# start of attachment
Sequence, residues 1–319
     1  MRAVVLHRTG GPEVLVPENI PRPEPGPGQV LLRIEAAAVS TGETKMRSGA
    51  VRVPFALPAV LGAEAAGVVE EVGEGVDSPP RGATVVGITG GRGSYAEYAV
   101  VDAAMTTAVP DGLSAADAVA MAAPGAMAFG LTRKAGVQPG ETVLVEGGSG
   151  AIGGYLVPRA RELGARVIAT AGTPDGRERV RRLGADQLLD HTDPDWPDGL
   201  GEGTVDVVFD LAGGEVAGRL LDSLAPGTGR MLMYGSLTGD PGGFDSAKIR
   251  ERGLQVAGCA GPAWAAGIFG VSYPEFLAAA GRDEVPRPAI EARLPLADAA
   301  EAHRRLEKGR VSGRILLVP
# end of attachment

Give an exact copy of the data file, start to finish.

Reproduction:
Sequence, residues 1–319
     1  MRAVVLHRTG GPEVLVPENI PRPEPGPGQV LLRIEAAAVS TGETKMRSGA
    51  VRVPFALPAV LGAEAAGVVE EVGEGVDSPP RGATVVGITG GRGSYAEYAV
   101  VDAAMTTAVP DGLSAADAVA MAAPGAMAFG LTRKAGVQPG ETVLVEGGSG
   151  AIGGYLVPRA RELGARVIAT AGTPDGRERV RRLGADQLLD HTDPDWPDGL
   201  GEGTVDVVFD LAGGEVAGRL LDSLAPGTGR MLMYGSLTGD PGGFDSAKIR
   251  ERGLQVAGCA GPAWAAGIFG VSYPEFLAAA GRDEVPRPAI EARLPLADAA
   301  EAHRRLEKGR VSGRILLVP